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Shoppers Are Indeed Trying to Dress Like 'Emily in Paris'

Shopping platforms confirm that searches for brands and items featured in the Netflix show are up since it premiered.

"Emily in Paris" has turned out to be one of the most polarizing streaming television debuts in recent memory: You either loved it, hated it or somehow experienced both emotions simultaneously while bingeing it all in one day. (Me.) The show has received valid criticism for everything from how French people are depicted (not to mention how Americans in Paris are depicted) to the concept of breakfast wine to — what we're here to discuss — Emily's, let's say "bold," outfits.

Interest in the wardrobe featured in "Emily in Paris" was high even before the series premiered on Netflix on Oct. 2. Patricia Field, of the iconic "Sex and the City" fashion, had signed on to costume design, reuniting with show creator Darren Star. Chanel had also announced a partnership with the show, by which it lent outfits to be worn by star Lily Collins. Like its plot points, the fashion in "Emily in Paris" has been the subject to both praise and criticism. But for every one of us who cringed at her impossibly high heels, increasingly ridiculous hats and the idea that Emily would ever own a piece by Hood by Air, another has evidently been busy trying to channel her every look. 

A few major shopping platforms have revealed as much. 

On Pinterest, searches for "Emily in Paris outfits" have risen 242% since Oct. 5. Afterpay, meanwhile, saw bucket hats jump into its list of top 10 accessories after the show debuted.


Shopping platform Lyst compiled a full report on the "Emily in Paris" phenomenon. Searches for Kangol bucket hats increased by 342% on the platform, while searches for red berets rose 100%. Emily's handbags were also a point of interest: Aldo bag searches jumped 64%; Marc Jacobs's Jelly Snapshot Camera Bag searches rose 92%; and demand for Kate Spade New York (Emily carries the brand's Nicola bag) were up 34%.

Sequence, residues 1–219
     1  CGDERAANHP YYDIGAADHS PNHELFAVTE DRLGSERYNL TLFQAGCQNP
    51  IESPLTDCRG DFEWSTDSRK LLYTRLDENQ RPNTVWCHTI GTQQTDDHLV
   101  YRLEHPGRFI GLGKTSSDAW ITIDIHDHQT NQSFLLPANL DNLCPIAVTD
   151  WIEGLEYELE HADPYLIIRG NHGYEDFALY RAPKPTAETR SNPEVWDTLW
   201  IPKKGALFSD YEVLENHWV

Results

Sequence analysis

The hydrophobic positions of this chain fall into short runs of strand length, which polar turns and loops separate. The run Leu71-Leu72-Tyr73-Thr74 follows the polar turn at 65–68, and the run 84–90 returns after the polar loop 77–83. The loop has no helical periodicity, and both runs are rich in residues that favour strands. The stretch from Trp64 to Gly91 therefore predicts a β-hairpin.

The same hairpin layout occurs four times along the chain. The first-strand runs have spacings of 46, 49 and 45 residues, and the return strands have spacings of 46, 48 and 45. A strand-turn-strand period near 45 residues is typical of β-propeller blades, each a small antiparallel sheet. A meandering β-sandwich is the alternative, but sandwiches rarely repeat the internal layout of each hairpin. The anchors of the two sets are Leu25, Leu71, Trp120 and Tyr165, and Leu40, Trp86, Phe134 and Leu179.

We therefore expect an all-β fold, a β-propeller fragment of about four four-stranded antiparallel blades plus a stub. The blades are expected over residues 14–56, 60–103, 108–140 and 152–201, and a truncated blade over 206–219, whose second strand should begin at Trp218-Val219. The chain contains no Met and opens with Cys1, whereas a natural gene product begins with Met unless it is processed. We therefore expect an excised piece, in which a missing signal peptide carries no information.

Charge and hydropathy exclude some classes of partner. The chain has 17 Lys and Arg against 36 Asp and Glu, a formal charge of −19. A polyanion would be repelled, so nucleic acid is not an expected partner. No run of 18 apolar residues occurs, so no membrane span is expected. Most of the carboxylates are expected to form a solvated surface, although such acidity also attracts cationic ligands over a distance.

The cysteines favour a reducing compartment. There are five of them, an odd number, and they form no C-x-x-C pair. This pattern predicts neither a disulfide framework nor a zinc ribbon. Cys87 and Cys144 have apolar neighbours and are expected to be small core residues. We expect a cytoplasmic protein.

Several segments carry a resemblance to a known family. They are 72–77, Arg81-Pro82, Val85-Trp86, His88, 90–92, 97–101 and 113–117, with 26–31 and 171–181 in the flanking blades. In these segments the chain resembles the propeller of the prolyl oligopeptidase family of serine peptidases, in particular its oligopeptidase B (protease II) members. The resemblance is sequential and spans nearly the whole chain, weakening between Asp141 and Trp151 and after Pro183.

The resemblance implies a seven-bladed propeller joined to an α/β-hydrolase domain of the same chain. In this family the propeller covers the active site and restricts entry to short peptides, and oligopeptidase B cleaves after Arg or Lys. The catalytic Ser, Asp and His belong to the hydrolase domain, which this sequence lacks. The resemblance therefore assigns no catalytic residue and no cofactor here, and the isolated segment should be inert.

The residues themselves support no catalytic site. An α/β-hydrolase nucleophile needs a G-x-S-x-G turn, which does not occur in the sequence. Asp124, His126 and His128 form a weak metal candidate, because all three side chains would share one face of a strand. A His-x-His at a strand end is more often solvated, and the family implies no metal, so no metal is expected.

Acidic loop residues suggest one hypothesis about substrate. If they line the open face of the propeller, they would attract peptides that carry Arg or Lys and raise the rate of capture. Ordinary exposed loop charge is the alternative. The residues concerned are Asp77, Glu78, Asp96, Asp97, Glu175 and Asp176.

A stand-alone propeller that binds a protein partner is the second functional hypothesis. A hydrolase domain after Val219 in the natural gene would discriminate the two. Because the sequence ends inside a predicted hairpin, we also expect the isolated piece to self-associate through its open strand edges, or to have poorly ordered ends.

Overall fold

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Clothing-wise, on Lyst, shoppers were eager to find Emily's skirts. Inspired by the Ronny Kobo green snake print mini skirt she wears in one episode, searches for the brand shot up 22%. Searches for Chiara Ferragni Collection rose 60%, after Emily donned one of its skirts. Ganni skirt searches also increased 289% in the 48 hours after the show's premiere.

Naturally, there was a lot of interest in Emily's closet full of Chanel. Resale site Thredup said it sold 25% more Chanel items during the two weeks following the show's premiere than it did the two weeks prior. Shopping platform Stylight saw a 30% lift in global clicks for Chanel in the show's first week. At Vestiaire Collective, searches for Chanel rose 11.8% globally after the show's debut. 

More broadly, Vestiaire Collective saw searches rise for a number of other brands Emily wears: Off-White (22.2%), Kangol (16.2%), Marc Jacobs (27.9%), Chiarra Ferragni Collection (46.1%), Alice + Olivia (25%) and Staud (65.6%), to name a few.


Emily may be considered ringarde, but her influencer powers are real — and clearly transcend the small screen. We suspect the brands will be clamoring to dress her for season deux.

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